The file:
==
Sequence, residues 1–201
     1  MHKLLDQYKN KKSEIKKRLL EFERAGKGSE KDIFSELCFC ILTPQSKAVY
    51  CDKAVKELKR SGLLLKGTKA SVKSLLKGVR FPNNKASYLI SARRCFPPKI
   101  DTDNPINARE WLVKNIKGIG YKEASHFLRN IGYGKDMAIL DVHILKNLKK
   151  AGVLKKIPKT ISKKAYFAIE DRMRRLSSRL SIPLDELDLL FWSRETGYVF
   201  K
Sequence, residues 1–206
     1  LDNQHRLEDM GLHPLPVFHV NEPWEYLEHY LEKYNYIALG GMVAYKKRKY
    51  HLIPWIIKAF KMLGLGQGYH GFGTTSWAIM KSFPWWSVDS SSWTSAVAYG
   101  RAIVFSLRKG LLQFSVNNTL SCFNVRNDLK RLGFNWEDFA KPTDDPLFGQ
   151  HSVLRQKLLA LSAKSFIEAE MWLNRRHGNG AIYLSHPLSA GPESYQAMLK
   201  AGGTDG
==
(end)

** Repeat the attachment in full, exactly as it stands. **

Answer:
Sequence, residues 1–201
     1  MHKLLDQYKN KKSEIKKRLL EFERAGKGSE KDIFSELCFC ILTPQSKAVY
    51  CDKAVKELKR SGLLLKGTKA SVKSLLKGVR FPNNKASYLI SARRCFPPKI
   101  DTDNPINARE WLVKNIKGIG YKEASHFLRN IGYGKDMAIL DVHILKNLKK
   151  AGVLKKIPKT ISKKAYFAIE DRMRRLSSRL SIPLDELDLL FWSRETGYVF
   201  K
Sequence, residues 1–206
     1  LDNQHRLEDM GLHPLPVFHV NEPWEYLEHY LEKYNYIALG GMVAYKKRKY
    51  HLIPWIIKAF KMLGLGQGYH GFGTTSWAIM KSFPWWSVDS SSWTSAVAYG
   101  RAIVFSLRKG LLQFSVNNTL SCFNVRNDLK RLGFNWEDFA KPTDDPLFGQ
   151  HSVLRQKLLA LSAKSFIEAE MWLNRRHGNG AIYLSHPLSA GPESYQAMLK
   201  AGGTDG